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Target bridges mcommerce with print, TV via Shazam appBy
Target is giving consumers a new way to explore and purchase its products through a partnership with Shazam, with users of the application able to scan any print or television ad to access shoppable content.
Thanks to Target’s heavy presence in print and on TV as an advertiser, the strategy has the potential to be an important new commerce channel for the mass merchant. Target, alongside The Walt Disney Company, is among several major brands and publishers teaming up with Shazam and its new visual recognition technology that enables consumers to snap a photo of print media, packaged goods or posters with their smartphone and be able to shop the products immediately, suggesting that image recognition will be a top trend for mobile commerce this year.
“We’re creating a new way for users to have deeper engagement with the things that capture their attention,” said Peter Szabo, senior vice president, head of music and U.S. ad sales at Shazam, Los Angeles, CA. “They can get an innovative user experience, like they get with Disney’s Shazamable Tomorrowland ad, access to special offers, the ability to save items for later or share them with others, or buy on the spot without downloading another app or having to type.
“For commerce, driving a purchase is the most important thing, it’s one tap shopping from any printed material.”
Target has been cementing its status as a leader in mobile over the past year, and will now be able to tap even more mobile commerce potential with the Shazam partnership. With Target’s heavy ad presence as is, customers will no doubt have plenty of opportunities to further explore the showcased goods.
The brand also recently ramped up shopping list features in its mobile application with a bigger focus on deals and offers (see story). Its social media strategy has also remained on point, with the retailer is upping the ante with a live-stream event on Periscope to drive sales for its latest designer partnership with jeweler Eddie Borgo, following its high mobile and digital sales of its line in collaboration with Lilly Pulitzer (see story).
Several international brands, such as Guerlain and Evian, are set to offer consumers the same shoppable ability from packaging and billboard advertisements abroad.
Shazam’s new offering has the potential to yield a frictionless shopping experience on mobile, a feat which many brands aim to perfect.
Meanwhile, The Walt Disney Company has teamed up with Shazam for the first Shazamable ad for the Tomorrowland film.
A slew of publishers are also on the roster, including Time Inc., the Wall Street Journal and HarperCollins Publishers, which will offer several Shazamable titles including Harper Lee’s forthcoming Go Set a Watchman and Chris Kyle’s American Sniper.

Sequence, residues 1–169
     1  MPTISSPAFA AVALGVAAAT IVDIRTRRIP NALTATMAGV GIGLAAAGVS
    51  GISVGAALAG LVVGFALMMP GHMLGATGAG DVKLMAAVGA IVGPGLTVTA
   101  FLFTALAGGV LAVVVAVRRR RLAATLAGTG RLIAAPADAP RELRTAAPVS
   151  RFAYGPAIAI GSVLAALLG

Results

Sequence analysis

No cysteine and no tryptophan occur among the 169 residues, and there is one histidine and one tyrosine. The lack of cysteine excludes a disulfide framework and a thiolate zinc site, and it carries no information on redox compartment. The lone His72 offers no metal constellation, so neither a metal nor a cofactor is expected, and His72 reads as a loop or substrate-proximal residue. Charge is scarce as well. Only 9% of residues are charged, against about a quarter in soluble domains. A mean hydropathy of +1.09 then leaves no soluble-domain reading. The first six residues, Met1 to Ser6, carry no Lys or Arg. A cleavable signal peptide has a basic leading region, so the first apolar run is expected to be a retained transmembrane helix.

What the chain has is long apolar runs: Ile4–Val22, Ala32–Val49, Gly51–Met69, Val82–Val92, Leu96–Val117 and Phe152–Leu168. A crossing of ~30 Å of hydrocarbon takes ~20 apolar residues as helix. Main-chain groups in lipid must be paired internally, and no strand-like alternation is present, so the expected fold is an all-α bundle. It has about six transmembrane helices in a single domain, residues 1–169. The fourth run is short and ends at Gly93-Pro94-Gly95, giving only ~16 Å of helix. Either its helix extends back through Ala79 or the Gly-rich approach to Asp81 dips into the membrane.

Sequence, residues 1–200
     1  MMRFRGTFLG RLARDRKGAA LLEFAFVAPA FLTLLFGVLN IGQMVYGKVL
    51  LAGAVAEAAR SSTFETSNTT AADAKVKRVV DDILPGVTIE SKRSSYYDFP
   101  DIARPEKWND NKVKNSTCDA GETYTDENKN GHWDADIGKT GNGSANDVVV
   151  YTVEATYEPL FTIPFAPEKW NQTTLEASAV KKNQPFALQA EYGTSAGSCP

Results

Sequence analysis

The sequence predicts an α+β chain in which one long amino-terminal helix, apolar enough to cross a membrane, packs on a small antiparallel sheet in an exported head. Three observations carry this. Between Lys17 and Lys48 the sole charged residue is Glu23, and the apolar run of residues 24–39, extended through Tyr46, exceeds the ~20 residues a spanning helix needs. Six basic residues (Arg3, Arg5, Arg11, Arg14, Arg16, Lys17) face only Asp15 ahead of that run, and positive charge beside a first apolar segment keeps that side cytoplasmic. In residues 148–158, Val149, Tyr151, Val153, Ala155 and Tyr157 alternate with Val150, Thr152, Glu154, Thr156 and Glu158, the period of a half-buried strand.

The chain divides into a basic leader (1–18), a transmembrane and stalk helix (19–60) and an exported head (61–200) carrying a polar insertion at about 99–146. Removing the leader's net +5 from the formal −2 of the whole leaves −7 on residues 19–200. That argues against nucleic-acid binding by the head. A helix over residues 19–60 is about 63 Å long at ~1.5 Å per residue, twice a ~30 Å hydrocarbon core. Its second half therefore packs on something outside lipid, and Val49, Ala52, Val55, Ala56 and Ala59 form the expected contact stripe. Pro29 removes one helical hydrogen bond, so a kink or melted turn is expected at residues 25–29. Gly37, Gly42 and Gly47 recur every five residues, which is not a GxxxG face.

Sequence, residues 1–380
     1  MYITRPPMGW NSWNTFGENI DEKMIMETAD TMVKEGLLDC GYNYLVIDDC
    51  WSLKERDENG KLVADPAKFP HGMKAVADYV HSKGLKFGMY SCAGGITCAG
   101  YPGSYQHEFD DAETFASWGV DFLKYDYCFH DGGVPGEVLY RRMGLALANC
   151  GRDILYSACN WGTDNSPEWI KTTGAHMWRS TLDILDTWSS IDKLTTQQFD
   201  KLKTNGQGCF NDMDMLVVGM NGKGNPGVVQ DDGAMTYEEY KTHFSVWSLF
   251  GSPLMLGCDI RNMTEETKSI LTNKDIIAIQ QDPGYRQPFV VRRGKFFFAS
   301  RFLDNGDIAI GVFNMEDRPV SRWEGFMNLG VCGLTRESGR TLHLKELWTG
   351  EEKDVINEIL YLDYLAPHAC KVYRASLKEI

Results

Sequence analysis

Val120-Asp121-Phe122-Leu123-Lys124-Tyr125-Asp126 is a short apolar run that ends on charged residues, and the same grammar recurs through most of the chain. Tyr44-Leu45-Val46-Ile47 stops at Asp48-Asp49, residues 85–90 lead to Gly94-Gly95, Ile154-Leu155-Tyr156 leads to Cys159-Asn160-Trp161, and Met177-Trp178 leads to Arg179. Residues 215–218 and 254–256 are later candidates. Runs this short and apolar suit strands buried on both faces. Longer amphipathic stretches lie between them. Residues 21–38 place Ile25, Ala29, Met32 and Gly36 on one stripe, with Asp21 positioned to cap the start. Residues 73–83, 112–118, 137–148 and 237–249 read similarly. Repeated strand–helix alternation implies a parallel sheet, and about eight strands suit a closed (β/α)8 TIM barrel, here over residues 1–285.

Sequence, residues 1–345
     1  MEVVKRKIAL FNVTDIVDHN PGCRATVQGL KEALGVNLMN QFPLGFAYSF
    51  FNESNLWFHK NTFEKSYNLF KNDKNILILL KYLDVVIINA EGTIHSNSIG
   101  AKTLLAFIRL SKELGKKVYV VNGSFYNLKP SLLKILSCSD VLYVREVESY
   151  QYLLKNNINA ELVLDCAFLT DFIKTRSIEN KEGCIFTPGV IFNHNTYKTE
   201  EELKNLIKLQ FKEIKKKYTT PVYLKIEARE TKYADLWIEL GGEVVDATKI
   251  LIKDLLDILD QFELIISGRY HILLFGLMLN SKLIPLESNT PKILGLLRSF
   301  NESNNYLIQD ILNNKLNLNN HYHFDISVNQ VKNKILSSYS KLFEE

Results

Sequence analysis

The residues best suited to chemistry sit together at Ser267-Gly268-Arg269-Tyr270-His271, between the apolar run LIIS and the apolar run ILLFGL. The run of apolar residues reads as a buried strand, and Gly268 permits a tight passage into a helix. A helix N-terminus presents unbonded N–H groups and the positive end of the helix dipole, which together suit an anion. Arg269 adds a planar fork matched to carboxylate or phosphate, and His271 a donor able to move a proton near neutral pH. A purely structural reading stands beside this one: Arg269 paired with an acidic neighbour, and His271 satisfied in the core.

Consumers with smartphones will be able to pull up the Shazam app and scan a variety of print ads, television ads, posters and packaged items to transform those products into shoppable content that can be purchased instantly. These types of visual recognition features are lending more support to the demands for instant gratification.
Shazam is also likely to surpass its 100 monthly million active users with this new tool. As the time spent with applications is increasingly relegated to a choice few, narrowly focused offerings such as Shazam and Fandango are racing to broaden their appeal and leverage their initial success for a more meaningful role in consumers’ lives (see story).
Consumers who are interested in taking advantage of this feature may open the Shazam app on their smartphones and tap the camera icon to prompt the visual experience. As soon as the camera is waved over a product with a QR code or Shazam camera logo, the user will receive access to interactive mobile content, special deals and the ability to buy the item or share it with a friend.
Shazam’s music identification option will still be available within the app.
More retailers and third-party apps are foraying into image recognition and visual search functions, with Macy’s offering customers the ability to take a photo of a product and automatically receive suggestions for the same or similar item in the brand’s inventory within the app.
Furthermore, in a reflection of the growing role that image recognition technology is playing in mobile shopping, visual product search company Slyce Inc. acquired mobile couponing firm SnipSnap for $6.5 million this past January (see story).
“It’s an area we’ve been looking at for a while,” Mr. Szabo said. “Music identification has obviously been our biggest use case for years, but we kept thinking about what it would mean to allow our users to recognize things visually as well.
“With visual recognition, Shazam is helping brands create near-frictionless engagement with their customers and providing users with really immersive content,” he said. “Now, everything from posters, to packaged goods, to print media, and more are transformed from static images into dynamic pieces of content.
“Adding the option to make purchases within the experience was just another way to provide a seamless service to both brands and users.”
Alex Samuely is an editorial assistant on Mobile Commerce Daily, New York
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